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How did the Mongols govern the multi-linguistic territories that they occupied in the 13th century? How did they communicate with the local elites, as well as representatives—envoys, merchants, entertainers, scientists, and physicians—of foreign lands? Who served as intermediaries in such conversations? Who and how did they transmit Mongol orders? What influence did these Interpreters and Translators have on policy? Did material objects, on occasion, substitute for language in communications? Was there a lingua franca that could be used in such conversations? What influence did the Mongol solutions to such communication problems have on the early Ming dynasty? This presentation poses and discusses these questions.
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About the speaker:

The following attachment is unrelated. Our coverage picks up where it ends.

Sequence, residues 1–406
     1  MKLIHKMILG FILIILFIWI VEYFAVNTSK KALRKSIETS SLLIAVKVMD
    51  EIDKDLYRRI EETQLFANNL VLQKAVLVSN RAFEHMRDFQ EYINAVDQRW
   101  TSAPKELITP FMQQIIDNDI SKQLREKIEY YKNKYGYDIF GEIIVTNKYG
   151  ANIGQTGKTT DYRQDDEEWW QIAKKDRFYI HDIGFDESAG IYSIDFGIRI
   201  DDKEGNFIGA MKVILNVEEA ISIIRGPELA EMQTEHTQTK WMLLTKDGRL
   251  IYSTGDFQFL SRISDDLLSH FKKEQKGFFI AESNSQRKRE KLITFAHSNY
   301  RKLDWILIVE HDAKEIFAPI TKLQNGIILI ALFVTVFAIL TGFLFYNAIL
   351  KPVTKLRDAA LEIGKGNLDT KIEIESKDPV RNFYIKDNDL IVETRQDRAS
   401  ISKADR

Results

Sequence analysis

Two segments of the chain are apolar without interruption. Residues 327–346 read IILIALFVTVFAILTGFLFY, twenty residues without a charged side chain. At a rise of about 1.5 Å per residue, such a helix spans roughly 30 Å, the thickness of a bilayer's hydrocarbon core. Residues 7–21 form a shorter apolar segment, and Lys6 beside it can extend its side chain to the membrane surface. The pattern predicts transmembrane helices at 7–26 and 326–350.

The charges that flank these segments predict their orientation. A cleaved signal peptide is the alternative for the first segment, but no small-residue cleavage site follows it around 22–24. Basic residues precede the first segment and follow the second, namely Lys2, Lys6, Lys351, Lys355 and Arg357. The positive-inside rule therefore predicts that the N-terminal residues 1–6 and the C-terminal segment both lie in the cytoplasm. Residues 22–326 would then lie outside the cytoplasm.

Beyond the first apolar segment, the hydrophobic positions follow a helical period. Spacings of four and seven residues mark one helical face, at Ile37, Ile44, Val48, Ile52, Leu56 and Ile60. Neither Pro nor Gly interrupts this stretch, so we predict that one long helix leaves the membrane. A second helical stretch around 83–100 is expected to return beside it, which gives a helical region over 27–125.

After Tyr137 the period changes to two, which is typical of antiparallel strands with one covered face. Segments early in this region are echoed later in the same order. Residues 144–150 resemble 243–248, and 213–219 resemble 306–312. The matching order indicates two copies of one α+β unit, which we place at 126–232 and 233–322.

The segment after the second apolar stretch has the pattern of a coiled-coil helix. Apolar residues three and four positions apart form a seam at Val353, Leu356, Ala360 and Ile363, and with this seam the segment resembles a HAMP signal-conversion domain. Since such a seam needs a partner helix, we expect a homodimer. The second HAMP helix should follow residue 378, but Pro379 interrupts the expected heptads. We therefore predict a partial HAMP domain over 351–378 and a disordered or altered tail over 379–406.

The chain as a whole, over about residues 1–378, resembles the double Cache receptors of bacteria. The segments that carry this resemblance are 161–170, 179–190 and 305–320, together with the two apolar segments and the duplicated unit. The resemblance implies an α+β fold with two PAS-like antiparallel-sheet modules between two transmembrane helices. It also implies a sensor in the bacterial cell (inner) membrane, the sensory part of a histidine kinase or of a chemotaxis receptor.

Morris Rossabi, (Ph.D. Columbia University) was born in Alexandria, Egypt and teaches Chinese and Mongolian history at the City University of New York and Columbia University . Author or editor of 28 books, including Khubilai Khan, Modern Mongolia, Voyager from Xanadu, China and the Uyghurs, From Yuan to Modern China and Mongolia: The Writings of Morris Rossabi, and A History of China, as well as over a 100 book chapters and articles, he has collaborated on catalogs for art exhibitions at the Metropolitan Museum of Art, the Cleveland Museum of Art, and the Los Angeles County Museum of Art. He has traveled extensively and lectured in the Middle East, China, Japan, Korea, Central Asia, and Mongolia. The National Mongolian University awarded him an honorary doctorate in 2009, and the Minister of Foreign Affairs of Mongolia awarded him a Certificate of Merit in 2021.